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Barbra Streisand’s latest triumph is a tribute to songwriting couple, Alan and Marilyn Bergman


Barbra Streisand, What Matters Most: Barbra Streisand Sings the Lyrics of Alan and Marilyn Bergman (Columbia)★ ★ ★ 1/2

BY HOWARD COHEN, hcohen@MiamiHerald.com

Barbra Streisand writes in the liner notes of her new CD about her friends and longtime collaborators, celebrated pop music lyricists Alan and Marilyn Bergman. The married couple “have a remarkable gift for expressing affairs of the heart. To give you some idea as to how much I admire their lyrics, I’ve already recorded 51 of their songs … and with this new collection it will be 63!”

There are 10 new performances of the Bergmans’ songs on What Matters Most, but who’s counting?

If Streisand’s math is faulty, the same can’t be said of her instrument or for her taste in selecting material. What Matters Most continues the late-career artistic renaissance begun with Live in Concert 2006 (partly recorded at her BankAtlantic performance in Sunrise); the chart-topping Diana Krall-produced jazz album, Love Is the Answer in 2009; and last year’s Live at the Village Vanguard CD/DVD set.

As on those releases, Streisand’s voice, now at age 69, is deeper, with more richness and warmth. Though the years have taken some of her top range, her expressiveness remains peerless. It can be argued that Streisand is even superior to her younger self — on her earliest recordings, she could be shrill and overly dramatic.

That’s not a problem here. The highlight comes at the top with arguably the finest version of The Windmills of Your Mind to date. With music from Michel Legrand for 1968’s The Thomas Crown Affair movie, the Bergmans’ Windmills has been recorded by Noel Harrison, Dusty Springfield, Sting and others. But Streisand’s inherent understanding of a lyric, down to the minute detail of an accented syllable, transcends them.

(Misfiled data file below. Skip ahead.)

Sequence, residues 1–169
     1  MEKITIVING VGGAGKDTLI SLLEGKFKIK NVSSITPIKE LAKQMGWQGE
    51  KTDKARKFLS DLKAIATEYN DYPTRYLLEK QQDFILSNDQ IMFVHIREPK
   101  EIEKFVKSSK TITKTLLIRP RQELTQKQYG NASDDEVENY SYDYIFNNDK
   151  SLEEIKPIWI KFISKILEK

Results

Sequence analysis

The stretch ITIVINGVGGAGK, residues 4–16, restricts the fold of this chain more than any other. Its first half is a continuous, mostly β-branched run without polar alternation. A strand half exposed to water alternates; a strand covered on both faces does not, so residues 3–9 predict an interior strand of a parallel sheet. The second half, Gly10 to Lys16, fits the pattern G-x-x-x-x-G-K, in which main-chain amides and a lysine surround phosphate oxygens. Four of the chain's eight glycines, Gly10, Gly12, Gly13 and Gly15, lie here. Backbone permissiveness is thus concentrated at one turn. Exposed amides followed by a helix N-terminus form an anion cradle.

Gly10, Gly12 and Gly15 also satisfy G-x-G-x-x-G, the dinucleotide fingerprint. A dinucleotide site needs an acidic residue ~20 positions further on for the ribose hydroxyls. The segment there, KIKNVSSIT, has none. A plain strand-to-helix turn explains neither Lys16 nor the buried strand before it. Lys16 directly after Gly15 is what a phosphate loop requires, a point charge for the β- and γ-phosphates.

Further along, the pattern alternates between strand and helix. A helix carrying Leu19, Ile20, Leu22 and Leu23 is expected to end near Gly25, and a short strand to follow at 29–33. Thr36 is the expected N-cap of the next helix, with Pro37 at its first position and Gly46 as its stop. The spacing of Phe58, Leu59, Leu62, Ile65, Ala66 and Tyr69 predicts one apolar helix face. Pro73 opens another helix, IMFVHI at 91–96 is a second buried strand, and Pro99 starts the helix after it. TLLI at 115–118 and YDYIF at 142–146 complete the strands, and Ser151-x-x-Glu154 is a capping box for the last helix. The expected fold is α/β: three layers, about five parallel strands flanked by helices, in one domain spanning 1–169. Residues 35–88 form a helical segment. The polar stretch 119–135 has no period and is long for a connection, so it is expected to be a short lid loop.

She begins this new version daringly a capella. A lone pluck of Gayle Levant’s harp accents and moves the melody forward as a lush orchestra politely joins the proceedings. One gets the impression the other musicians were so taken by Streisand’s bell-like singing they couldn’t bear to join in and distract from the beauty. The track brings to mind the tone and delivery of Streisand’s other memorable Legrand/Bergman full-length collaboration, the Yentl soundtrack and film in 1983.

Nice ’n Easy, she sings in her cover of a 1960 Frank Sinatra album title tune, and that describes the pace of an album on which eight of the 10 songs are ballads. But where this was a problem with previous disappointments like The Movie Album and A Love Like Ours a decade or so ago, What Matters Most thrives in this unhurried, romantic environment. The arrangements are full-bodied, artful and engaged.Repeat listens reveal nuances built into bossa novas like So Many Stars (a ‘60s hit for Sergio Mendes) and the luxuriant Solitary Moon. That Face, made famous by Fred Astaire, sparks off its swinging big band tempo. But where Streisand distances herself from her competition, and slavish upstarts like Glee’s Lea Michele, is in her originality and smarts.

Rather than a note-for-note reproduction of Sinatra’s Nice ’n Easy, Streisand refreshes his tune by taking it at a leisurely tempo at first, in contrast to his brisk reading. She steadily builds the tempo until it distinguishes itself next to Ol’ Blue Eyes’ Capitol Records-era blueprint. What Matters Most is the equivalent of those great Sinatra concept albums of the mid 1950s and ’60s — albums that, like fine wine and furniture, appreciate with time. No one else is doing exactly that any more.

What Matters Most also adds 10 previously released Streisand-Bergman performances on a second CD in the Deluxe version fans assuredly own, like The Way We Were and You Don’t Bring Me Flowers. But the grouping is of value for the way it introduces overlooked material like the gorgeous After the Rain, from 1979’s underrated Wet album.

Maybe Streisand’s math is correct and she’s holding on to two more new performances to bring her Bergmans tally to 63. If so, she’s welcome to release them anytime.


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This review is great because Howard Cohen actually gives reasons why certain songs on this disc are different from the original artists' recording of the same song. Many people who read reviews look for a reason to buy the product; why should I buy this one? What's different or better about it? In this review, Mr. Cohen does just that. Thanks!

Success to me is having ten honeydew melons and eating only the top half of each slice http://bit.ly/mZiuO7

Thank you, Jeff. Very kind of you to say.

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